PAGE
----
Monday, June 25, 2007

Arrival in New York (written two weeks ago)

Date: 2007.6.25. 18:47:32
Arrival in New York City
I'm sitting in the small living room of my host, Dr. Anton Bara, an MD originially from the Phillipines. Looking out at midtown Manhattan here on E. 86th & 1st ave. The building dates back to at least the fifties. The metal laundry hamper fixed tothe wall in the bathroom is just like the one in the bathroom back in the Bronx where my father and i lived in the early 1980s. The apartment still has all its original fixtures, as far as i can see. By the looks of the flaking ceiling and walls, it hasn't seen too many paint jobs, either. A lovely collection of antiques furnishes the place, including a pair of old kilims onthe floor and several antique paintings on the walls.

New York is so very different from most European cities. The people are largely quite friendly. But i can't say that about the city itself. Its diverse character prevents from having a sufficiently strong core that would enable this, such as I've seen in Stockholm. At the big airport in Stockholm there are clearly marked signs guiding you to the train that takes you swiftly and comfortably into the center of town. At JFK in the NY, it's chaotic. The train was hard to find and there were no instructions whatsoever about how to pay or even where it goes. As it turned out, i had to take it to a bus stop, then take a lingish bus journey to an elevated subway train that took me to Manhattan where i had then to change to yet another train. The whole journey cost $4 and took well over an hour. I had to ask directions several times. By contrast, the Stockholm train takes 20 min, by costs at least $25.

New York certainly has a buzz to it. But it's not essentially different from Budapest. The apartments cost much more, but they aren't really any nicer. And the jobs people do are more or less the same, except they are more influential to the world economy. A Budapest adman works on national and regional campaigns, where his NY counterpart works on global ones. But to both, it's just "my job," after which they meet friends, eat, sleep, etc. Newcomers may feel thrilled to be on top of the world economy, but that wears off and it becomes just another place.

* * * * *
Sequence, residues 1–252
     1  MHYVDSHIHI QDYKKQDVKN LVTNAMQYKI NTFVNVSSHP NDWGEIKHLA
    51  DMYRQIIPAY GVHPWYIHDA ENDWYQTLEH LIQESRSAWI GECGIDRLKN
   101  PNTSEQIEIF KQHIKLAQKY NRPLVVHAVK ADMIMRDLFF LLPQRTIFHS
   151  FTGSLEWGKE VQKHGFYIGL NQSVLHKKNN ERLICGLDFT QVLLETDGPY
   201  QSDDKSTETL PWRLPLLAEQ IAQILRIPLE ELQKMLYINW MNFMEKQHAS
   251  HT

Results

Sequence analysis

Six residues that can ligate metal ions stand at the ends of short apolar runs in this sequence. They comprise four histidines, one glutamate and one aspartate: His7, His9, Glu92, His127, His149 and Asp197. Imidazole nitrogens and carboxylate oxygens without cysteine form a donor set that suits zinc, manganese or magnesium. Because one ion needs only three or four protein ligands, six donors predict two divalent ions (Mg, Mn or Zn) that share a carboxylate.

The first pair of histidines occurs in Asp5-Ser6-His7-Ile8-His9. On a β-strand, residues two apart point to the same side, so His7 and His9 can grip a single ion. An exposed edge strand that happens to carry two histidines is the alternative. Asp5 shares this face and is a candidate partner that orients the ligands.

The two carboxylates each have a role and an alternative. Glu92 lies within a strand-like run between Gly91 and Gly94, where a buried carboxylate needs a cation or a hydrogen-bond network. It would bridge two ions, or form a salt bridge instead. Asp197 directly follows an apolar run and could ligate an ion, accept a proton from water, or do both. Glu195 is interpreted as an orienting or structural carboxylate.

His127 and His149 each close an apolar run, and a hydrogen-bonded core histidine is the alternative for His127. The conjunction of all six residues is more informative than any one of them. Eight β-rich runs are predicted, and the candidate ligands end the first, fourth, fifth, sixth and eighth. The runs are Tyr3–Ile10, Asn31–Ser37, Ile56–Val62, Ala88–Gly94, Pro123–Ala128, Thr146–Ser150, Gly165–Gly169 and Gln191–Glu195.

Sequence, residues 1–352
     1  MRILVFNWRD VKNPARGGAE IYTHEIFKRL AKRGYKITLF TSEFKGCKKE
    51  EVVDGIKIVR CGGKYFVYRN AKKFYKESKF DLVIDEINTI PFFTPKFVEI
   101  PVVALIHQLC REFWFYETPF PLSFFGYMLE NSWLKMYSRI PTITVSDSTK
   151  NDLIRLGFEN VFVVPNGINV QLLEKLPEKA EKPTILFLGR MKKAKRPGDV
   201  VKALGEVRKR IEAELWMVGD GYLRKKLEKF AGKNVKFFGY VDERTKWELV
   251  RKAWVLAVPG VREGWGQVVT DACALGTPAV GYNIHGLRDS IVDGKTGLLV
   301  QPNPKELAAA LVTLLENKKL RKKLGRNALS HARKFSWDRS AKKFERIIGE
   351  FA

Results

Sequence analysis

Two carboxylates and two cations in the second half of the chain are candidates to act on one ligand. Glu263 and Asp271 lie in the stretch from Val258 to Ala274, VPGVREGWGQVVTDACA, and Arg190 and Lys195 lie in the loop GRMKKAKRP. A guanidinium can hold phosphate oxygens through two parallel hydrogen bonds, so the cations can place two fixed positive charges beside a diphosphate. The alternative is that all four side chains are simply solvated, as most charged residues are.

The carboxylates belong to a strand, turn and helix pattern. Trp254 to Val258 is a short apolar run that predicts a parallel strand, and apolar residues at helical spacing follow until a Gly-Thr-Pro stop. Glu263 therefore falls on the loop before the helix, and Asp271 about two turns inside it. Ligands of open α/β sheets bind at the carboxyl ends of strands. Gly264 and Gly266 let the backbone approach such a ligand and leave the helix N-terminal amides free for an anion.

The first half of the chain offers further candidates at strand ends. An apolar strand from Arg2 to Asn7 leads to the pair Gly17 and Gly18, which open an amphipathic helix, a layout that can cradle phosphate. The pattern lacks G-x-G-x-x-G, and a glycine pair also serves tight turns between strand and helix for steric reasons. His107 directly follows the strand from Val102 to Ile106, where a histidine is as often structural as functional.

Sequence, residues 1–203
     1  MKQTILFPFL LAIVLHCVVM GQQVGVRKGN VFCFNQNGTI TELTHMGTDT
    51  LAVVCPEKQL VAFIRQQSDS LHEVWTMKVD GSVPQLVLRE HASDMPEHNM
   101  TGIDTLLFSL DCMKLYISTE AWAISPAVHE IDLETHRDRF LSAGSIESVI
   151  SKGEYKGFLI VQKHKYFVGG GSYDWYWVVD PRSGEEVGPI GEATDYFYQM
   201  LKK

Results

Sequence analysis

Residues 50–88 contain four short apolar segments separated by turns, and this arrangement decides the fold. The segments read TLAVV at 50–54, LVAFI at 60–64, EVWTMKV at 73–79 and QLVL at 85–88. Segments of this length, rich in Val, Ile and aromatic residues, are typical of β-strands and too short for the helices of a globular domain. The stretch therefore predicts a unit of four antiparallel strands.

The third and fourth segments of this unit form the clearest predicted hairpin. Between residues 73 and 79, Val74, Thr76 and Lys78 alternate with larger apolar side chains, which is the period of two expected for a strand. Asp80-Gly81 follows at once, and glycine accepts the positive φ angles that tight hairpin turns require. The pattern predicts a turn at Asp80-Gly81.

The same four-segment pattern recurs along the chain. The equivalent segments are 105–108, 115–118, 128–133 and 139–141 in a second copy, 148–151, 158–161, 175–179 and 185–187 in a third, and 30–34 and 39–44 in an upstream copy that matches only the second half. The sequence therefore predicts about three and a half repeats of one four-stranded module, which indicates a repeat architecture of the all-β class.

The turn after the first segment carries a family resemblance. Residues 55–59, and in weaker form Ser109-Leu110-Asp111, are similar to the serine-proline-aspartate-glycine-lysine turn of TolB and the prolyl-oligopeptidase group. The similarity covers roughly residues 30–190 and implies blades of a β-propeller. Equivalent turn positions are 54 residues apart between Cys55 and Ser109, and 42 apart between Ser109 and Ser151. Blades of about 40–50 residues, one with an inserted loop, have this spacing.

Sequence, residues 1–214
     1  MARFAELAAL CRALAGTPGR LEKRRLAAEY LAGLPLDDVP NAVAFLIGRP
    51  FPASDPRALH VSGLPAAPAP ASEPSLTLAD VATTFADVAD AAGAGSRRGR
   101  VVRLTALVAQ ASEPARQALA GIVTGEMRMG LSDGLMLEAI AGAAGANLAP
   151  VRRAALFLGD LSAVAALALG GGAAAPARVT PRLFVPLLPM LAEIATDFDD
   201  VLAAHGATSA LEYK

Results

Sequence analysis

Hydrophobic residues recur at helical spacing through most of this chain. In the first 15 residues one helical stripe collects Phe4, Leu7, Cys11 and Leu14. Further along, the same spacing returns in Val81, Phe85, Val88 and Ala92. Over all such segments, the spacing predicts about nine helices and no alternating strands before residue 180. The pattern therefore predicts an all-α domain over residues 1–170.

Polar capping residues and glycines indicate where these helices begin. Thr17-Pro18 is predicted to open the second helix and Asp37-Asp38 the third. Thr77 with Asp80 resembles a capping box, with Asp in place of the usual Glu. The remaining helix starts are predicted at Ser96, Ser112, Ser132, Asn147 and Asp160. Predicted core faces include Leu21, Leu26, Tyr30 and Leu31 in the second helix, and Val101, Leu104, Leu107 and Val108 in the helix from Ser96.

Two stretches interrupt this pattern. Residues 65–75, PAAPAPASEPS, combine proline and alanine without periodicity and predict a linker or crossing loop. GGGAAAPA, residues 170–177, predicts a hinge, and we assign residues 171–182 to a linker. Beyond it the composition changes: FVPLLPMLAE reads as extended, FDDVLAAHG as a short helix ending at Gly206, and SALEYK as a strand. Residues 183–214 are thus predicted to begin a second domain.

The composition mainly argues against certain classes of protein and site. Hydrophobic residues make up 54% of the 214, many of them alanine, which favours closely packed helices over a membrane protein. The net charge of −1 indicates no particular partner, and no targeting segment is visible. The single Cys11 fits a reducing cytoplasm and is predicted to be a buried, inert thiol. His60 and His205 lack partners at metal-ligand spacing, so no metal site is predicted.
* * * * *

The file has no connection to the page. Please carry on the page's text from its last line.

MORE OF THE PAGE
Tuesday, June 12, 2007

Back in the USSA

Here I am back in the country of my birth for the first time in 7 years. I first cam to NYC, then went on to DC. The DC trip has involved meeting between me and my lead client and Carl Chidlow, budget director of the Democratic National Committee, with the aim of hooking the Democrats on my client's web-based intelligence tool,

The meeting itself went well enough; my client presented well and was politely received. With luck, it will lead to greater things.

It has been strange being back in the US. The paradigm is so familiar, yet different. It's more corporate. New York was great, even if I didn't see all that much. Just the scale and energy of it all was great to experience again. It has lost a lot of its edge. The barbarians have been beaten back and replaced by a whole lotta whitemen. But it's still something to see.

Tomorrow I see my old friend John Lippert and will visit my father's ashes.

I'm very tired. Up this morning at 2:30 to get to the airport, where delays and bizarre hassles nearly caused me to miss my flight.

But all is well. Now hanging out in DNC headquarters in Washington, DC. Waiting for my old friend Carl to finish so we can go out for dinner and drinks.

It is clear to me that I'm not only tired, but still ailing from the cold I came down with on the flight over from Budapest to NY. But I'm better than I was, if not at my all-time best.

It's intriguing to see Carl again. He's very much his old self, but mature, sharp, a real leader. It will be cool to hang out with him this evening.

Sunday, June 03, 2007